If driving in Britain was like cycling in Britain

You need to make a short trip with your children, by car.

The first thing to do is to dress them (and yourself) appropriately. That means ensuring you are wearing dayglo reflective tabards, and crash helmets. Driving a car is very dangerous, and you also need to ensure that you are visible to other road users. They will not be expected to see you, unless you are glowing, and illuminated.

The next step is to get your car ready. There isn’t anywhere secure to store your car on the street, so you’ll have to fumble it out of the shed. You will need to unlock your car, and then attach lights and luggage to your it.

The vast majority of cars sold in Britain are for recreational purposes – for driving around in the woods, for instance – meaning that they have no coverings over their wheels, or anywhere to store possessions, or lighting systems. These have to be fitted by the buyer, in their own time, and at extra expense.

Most people don’t know how to do this, and so water and filth from the road will get distributed over them when the roads are wet. Consequently they don’t drive when it is raining. They don’t use their cars to shop either, because they don’t have anywhere to put the items they have bought.

The transmission of nearly all cars is exposed. Grease can easily get on your clothes, so you have to wear clips to keep them out of the way. Without regular maintenance, the transmission will go wrong. This means many cars languish, rusting, in back gardens, because they have quickly broken and people can’t be bothered to fix them.

Fortunately you are one of the few car enthusiasts, who has taken time to learn the intricacies of how your car works, and how to adapt it (as much as you can) for everyday use, and how to fix it. (Travelling by car in Britain is – strangely – the only mode of transport that requires this degree of intimate knowledge.)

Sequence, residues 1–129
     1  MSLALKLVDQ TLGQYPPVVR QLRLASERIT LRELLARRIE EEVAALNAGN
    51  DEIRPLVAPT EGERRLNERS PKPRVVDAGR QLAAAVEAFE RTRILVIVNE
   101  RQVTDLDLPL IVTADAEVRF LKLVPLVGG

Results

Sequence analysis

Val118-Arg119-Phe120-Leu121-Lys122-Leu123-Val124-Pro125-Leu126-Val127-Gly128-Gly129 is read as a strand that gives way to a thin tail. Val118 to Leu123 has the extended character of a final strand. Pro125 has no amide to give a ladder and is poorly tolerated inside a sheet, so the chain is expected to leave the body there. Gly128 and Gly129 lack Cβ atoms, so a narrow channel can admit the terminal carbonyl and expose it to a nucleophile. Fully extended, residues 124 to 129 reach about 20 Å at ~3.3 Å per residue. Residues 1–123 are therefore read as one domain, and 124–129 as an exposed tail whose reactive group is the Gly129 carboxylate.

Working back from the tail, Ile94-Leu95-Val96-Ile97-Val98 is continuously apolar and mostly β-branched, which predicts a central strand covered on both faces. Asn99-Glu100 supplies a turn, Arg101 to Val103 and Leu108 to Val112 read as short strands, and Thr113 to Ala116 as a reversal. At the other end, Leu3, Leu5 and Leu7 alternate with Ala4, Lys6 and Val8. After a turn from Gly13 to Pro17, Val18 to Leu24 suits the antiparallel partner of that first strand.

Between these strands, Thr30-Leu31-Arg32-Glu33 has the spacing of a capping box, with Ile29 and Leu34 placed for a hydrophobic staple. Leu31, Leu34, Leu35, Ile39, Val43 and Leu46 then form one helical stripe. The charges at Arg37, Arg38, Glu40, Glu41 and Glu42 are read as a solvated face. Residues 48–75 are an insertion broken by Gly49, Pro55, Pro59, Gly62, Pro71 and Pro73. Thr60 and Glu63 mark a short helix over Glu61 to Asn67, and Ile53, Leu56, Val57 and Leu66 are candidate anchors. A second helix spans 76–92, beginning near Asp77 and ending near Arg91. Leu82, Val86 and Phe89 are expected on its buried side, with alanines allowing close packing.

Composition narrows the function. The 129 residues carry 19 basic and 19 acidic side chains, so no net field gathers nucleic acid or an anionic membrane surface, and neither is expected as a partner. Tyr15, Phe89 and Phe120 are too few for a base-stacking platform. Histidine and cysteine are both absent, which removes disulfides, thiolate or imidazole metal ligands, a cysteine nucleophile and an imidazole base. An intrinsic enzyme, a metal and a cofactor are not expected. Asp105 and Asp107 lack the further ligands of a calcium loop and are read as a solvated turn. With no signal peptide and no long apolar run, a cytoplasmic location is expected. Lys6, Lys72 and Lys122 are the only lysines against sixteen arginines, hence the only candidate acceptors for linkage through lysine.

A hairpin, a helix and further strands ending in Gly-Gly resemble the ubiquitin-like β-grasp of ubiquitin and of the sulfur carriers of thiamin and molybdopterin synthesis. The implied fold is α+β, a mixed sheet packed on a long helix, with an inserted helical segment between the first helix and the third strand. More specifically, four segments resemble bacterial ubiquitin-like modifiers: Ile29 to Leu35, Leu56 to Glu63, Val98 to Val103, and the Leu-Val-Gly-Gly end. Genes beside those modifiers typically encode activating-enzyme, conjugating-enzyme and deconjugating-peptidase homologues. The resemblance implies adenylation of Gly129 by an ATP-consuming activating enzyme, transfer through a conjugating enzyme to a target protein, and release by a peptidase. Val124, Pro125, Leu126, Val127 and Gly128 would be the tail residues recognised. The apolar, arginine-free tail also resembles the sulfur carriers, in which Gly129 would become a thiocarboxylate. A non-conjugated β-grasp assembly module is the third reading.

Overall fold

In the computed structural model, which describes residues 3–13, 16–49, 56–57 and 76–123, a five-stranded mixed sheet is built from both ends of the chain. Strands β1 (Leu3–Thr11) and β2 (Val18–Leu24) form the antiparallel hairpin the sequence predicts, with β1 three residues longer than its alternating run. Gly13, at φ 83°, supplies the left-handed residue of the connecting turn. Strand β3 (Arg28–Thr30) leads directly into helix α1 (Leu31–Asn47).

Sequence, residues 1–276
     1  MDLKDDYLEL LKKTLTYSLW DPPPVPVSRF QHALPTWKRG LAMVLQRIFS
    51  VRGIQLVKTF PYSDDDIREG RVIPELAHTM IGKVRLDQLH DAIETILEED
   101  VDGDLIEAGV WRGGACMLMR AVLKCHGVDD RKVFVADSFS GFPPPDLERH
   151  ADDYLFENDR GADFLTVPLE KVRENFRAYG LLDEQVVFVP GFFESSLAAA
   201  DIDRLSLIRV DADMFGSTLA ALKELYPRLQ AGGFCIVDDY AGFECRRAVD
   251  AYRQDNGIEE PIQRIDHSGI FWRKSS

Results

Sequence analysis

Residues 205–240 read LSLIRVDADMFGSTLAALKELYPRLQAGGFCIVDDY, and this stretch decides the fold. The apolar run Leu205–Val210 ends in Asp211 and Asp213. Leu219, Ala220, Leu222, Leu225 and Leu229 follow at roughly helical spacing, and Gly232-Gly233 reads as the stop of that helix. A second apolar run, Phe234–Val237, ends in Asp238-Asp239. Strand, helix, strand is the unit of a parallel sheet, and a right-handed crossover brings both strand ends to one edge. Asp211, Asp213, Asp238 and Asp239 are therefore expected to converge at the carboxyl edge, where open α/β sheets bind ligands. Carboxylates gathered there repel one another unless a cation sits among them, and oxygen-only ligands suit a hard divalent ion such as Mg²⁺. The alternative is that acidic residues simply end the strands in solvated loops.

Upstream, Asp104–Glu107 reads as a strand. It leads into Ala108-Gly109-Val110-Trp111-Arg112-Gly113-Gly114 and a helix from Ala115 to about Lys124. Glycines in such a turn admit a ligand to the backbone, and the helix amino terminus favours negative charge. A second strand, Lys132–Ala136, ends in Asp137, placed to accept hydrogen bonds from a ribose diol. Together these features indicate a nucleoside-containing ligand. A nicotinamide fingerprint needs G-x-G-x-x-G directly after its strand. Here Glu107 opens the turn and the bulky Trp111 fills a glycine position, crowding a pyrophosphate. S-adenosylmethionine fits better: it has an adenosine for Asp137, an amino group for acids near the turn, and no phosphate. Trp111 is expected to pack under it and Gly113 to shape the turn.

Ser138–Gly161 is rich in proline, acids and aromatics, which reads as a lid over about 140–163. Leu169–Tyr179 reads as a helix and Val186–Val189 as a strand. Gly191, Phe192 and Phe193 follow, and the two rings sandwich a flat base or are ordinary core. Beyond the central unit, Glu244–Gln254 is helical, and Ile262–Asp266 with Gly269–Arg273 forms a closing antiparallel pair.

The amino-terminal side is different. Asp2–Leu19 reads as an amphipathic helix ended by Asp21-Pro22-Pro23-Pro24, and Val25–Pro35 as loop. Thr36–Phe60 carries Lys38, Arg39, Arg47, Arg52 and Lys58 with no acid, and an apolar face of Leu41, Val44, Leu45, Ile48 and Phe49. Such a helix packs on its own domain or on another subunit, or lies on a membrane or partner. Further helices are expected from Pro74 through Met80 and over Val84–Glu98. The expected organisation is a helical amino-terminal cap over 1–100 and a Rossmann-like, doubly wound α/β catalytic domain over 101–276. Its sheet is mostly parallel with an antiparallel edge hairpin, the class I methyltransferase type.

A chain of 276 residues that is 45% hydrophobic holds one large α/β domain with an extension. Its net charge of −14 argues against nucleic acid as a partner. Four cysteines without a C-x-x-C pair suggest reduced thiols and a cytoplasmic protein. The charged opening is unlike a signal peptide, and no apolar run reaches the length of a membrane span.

You – and you children – sit in your car, open to the elements, with no protection from crashes with trucks. Being hit by one of these vehicles will obviously be catastrophic.

Unfortunately almost all the other vehicles on the roads are trucks, travelling at their normal, regular speed of 40mph, far faster than the maximum speed of your car, which is 20mph.

Driving cars is deeply unpopular. You are one of the few people who chooses to make short trips by car.

The government makes regular exhortations about the benefits of car driving, and ‘encouraging’ people to use cars, but to little or no effect. Car use remains the transport choice for a tiny minority of people.

Going anywhere by car will require you to travel in the same space as the trucks everyone else is driving, which bear down on you alarmingly. There is no legal alternative.

Your natural instinct is to drive to the side of the road, out of the way of these trucks, but official guidance is to drive your car in ‘the primary position’ at places where you sense conflict could occur (which is nearly everywhere in urban areas), directly in front of the trucks roaring up behind you.

No truck driver understands why you do this – you seem to be deliberately positioning your much slower vehicle in their way – and many will become furious, honking their horns and yelling at you to ‘drive your car at the side, in the car lane’. (Car lanes rarely exist, and when they do, they are functionally useless, being narrower than your car. Official training suggests you don’t use them).

This abuse – although unpleasant – is much better than the alternative of you (and your children) being hit or crushed in your car, because truck drivers feel free to squeeze past you. Roads are now designed for the way trucks travel, not the way cars travel, so truck drivers will frequently attempt to overtake you in dangerous locations.

There are a small number of cars on the market that would allow you and your children to travel side-by-side, but travelling in this way is, like the ‘primary position’, usually seen as a deliberate provocation.